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Books review: What to read in December

BY James Walton

6th Dec 2022 Book Reviews

Books review: What to read in December

From a woman trapped in a Victorian asylum to the magical Christmas traditions of Ukraine, these are the books you should read this month

The Darlings of the Asylum by Noel O’Reilly

After the autumn rush, December is usually what’s described as a “quiet” (ie, “rubbish”) month for new novels. Somehow, though, The Darlings of the Asylum must have slipped through the net, because this a cracking piece of gothic fiction.  

The narrator is 23-year-old Violet, a talented artist who dreams of making her own way in the world. The trouble is that it’s 1886, when such dreams are seen not merely as selfish and unladylike, but as possible evidence of insanity. After all, her mother has lined up a nice rich man called Felix for her to marry. Unfortunately, Violet has taken a shine to the local bohemian Mr Lilley, whose racy ideas cause her to suddenly (and, let’s face it, Freudianly) start painting “flowers with gaping ravenous mouths and upright poking stamens”.  

Artist painting flowers

So it is that Violet turns Felix down—and not long afterwards wakes up in a lunatic asylum with no memory of what happened next. Worse still, the place is run by Dr Rastrick, who’s all the more sinister for believing that he’s doing good by weeding out women dangerous to society.  

O’Reilly powerfully conjures up the nightmare of finding yourself stuck in an asylum, apparently for life, while still having your wits about you. Violet also writes about her fellow inmates with a convincing mix of sympathy and horror—if sometimes perhaps striking a suspiciously 21st century note as she battles the patriarchy.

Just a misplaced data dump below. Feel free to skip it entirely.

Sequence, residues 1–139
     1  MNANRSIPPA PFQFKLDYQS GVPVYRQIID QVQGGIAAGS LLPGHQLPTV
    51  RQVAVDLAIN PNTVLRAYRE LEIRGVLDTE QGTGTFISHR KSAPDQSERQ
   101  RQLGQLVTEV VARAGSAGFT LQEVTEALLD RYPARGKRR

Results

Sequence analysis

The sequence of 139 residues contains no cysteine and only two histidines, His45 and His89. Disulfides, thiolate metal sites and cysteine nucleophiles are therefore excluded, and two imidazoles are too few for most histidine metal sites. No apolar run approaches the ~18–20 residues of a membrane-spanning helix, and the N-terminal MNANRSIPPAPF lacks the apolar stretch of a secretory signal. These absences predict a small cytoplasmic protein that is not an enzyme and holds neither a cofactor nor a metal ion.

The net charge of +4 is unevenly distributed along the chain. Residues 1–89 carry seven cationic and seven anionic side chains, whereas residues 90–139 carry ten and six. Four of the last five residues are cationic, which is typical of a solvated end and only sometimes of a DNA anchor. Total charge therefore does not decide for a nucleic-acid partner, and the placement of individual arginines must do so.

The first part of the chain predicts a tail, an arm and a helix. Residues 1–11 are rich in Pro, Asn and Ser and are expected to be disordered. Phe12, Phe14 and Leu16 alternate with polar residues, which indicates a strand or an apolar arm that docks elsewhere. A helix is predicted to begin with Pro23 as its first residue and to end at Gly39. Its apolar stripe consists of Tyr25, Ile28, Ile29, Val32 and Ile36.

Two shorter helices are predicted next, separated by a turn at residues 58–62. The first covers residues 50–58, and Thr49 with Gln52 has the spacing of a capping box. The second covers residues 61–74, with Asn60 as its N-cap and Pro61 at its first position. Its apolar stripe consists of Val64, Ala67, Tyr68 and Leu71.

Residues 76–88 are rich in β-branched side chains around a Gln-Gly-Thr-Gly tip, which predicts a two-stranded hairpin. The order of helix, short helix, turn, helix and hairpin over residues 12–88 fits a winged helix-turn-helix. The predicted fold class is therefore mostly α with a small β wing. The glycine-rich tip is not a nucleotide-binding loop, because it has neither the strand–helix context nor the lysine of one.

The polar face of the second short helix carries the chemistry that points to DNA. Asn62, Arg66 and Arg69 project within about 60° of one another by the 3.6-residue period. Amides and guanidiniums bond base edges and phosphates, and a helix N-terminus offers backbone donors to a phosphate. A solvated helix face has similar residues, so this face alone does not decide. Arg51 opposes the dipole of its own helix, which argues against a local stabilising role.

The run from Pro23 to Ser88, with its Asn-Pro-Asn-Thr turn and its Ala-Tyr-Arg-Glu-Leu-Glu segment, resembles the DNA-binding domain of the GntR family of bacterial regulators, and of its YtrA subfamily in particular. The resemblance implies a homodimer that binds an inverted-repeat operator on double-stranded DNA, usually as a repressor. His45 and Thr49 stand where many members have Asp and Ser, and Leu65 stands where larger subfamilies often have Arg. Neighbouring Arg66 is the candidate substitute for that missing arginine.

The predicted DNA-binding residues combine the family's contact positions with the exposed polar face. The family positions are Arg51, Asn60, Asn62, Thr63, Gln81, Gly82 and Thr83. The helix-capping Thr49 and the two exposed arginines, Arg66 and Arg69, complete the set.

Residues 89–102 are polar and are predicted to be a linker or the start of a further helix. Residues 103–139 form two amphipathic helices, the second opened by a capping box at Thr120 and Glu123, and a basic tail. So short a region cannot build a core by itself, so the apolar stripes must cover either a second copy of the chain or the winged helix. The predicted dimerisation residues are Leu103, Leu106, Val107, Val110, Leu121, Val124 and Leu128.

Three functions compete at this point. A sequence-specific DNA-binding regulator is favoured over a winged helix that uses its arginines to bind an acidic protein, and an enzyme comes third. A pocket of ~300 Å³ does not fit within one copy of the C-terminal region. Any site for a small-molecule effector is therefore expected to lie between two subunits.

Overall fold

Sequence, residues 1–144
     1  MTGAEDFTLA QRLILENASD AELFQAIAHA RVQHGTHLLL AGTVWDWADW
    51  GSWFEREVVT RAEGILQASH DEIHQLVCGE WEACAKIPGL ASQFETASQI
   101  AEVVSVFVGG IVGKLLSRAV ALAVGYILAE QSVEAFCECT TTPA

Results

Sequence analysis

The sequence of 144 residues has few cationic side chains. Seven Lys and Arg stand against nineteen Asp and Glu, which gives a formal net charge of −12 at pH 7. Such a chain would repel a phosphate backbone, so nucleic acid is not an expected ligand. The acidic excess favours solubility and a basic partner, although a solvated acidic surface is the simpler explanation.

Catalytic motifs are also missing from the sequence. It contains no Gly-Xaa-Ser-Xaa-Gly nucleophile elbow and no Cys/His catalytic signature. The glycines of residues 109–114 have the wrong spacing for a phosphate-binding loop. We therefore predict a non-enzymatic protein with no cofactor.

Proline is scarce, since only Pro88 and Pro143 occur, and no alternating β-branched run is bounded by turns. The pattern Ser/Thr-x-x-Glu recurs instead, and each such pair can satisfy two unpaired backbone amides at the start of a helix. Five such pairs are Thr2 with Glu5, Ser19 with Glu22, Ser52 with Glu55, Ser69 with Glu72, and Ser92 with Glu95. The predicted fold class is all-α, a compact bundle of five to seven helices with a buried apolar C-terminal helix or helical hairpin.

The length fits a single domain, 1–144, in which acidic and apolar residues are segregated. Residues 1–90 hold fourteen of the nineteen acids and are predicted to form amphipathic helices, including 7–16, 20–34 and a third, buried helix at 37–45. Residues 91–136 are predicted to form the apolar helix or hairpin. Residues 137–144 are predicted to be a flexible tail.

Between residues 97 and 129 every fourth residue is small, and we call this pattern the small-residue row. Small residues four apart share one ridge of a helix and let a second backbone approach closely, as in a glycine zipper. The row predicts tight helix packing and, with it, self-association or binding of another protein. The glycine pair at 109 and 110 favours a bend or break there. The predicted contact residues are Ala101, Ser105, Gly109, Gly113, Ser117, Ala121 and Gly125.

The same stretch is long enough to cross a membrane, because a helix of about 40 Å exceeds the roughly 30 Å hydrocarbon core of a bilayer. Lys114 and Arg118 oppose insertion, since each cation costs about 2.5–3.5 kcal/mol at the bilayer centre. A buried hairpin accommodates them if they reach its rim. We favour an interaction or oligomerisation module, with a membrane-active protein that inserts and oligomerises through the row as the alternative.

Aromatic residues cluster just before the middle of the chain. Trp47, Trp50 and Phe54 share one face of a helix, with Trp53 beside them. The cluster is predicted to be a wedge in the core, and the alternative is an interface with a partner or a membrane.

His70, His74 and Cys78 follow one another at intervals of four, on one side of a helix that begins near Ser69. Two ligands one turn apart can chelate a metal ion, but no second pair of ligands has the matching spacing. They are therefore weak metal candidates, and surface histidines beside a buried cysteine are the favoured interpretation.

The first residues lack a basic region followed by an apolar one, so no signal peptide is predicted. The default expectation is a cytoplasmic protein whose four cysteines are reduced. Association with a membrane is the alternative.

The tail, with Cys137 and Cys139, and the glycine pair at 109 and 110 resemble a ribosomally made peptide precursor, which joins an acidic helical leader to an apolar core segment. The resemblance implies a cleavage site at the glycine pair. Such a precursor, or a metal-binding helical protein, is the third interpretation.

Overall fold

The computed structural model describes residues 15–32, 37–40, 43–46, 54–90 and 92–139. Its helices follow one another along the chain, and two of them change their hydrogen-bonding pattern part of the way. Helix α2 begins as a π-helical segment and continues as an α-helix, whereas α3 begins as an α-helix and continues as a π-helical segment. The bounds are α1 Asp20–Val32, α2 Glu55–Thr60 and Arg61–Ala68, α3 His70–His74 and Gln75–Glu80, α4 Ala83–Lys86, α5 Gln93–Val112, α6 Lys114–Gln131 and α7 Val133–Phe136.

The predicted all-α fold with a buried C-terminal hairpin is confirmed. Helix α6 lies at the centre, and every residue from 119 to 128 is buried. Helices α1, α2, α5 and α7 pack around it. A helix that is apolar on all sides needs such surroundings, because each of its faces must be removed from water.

"The narrative rattles along irresistibly all the way to its suitably gothic climax"

And yet, the novel turns out to be more complicated, and ultimately more interesting than just another self-congratulatory reminder of how much better we are than those benighted Victorians. For one thing, Felix really is a nice man, happy to let Violet “scandalise my acquaintances with your opinions”. For another, Mr Lilley mightn’t be quite the feminist-friendly goodie he seems. And—whether because of the oppression she’s suffered or not—Violet’s sanity isn’t necessarily as solid as she thinks either (although this doesn’t mean she shouldn’t be allowed to mess up her life as she sees fit).  

Happily, as these questions bubble away, the book never forgets its story-telling duties. Instead, the narrative rattles along irresistibly all the way to its suitably gothic climax.

The Darlings of the Asylum

A Ukrainian Christmas by Nadiyka Gerbish and Yaroslav Hrytsak

In Ukraine, Christmas comes but twice a year: December 25 and January 7. That’s because of the country’s position—often to its great cost of course—on the border between Western Europe and Russia, with their historically different calendars and historically different forms of Christianity (Western and Orthodox).  

Nadiyka Gerbish and Yaroslav Hrytsak

Nadiyka Gerbish and Yaroslav Hrytsak

As a result, this charmingly illustrated book ranges more widely than the title might suggest, discussing customs from all across the continent, up to and including the strange British taste for Santa’s grottos in department stores. Not surprisingly, though, there’s little doubt which side of Europe the authors prefer. 

As they point out, under Soviet rule Christmas was banned in Ukraine altogether. And even now that it’s back in Russia too, they clearly don’t think much of their Eastern neighbour’s Yuletide ways, where carols are barely sung and nativity plays regarded as unacceptably Western. (In Ukraine, by contrast, nativity plays have long been used for political purposes, with Herod represented in former times by Stalin and these days by Putin.)  

"This charmingly illustrated book ranges more widely than the title might suggest"